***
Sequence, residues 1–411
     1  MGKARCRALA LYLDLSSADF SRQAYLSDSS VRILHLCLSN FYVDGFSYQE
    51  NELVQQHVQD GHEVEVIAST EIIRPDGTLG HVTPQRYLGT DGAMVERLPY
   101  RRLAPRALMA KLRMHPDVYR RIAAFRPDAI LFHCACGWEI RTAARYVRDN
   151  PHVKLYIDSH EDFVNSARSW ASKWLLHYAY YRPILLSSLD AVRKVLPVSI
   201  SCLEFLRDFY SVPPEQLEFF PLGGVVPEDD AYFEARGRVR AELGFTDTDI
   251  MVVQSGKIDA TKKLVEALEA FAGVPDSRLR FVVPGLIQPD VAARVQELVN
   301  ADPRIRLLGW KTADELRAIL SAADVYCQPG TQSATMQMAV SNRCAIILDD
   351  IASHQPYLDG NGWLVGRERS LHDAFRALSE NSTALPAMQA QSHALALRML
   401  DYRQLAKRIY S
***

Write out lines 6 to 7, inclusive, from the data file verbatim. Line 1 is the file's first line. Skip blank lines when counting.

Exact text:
   201  SCLEFLRDFY SVPPEQLEFF PLGGVVPEDD AYFEARGRVR AELGFTDTDI
   251  MVVQSGKIDA TKKLVEALEA FAGVPDSRLR FVVPGLIQPD VAARVQELVN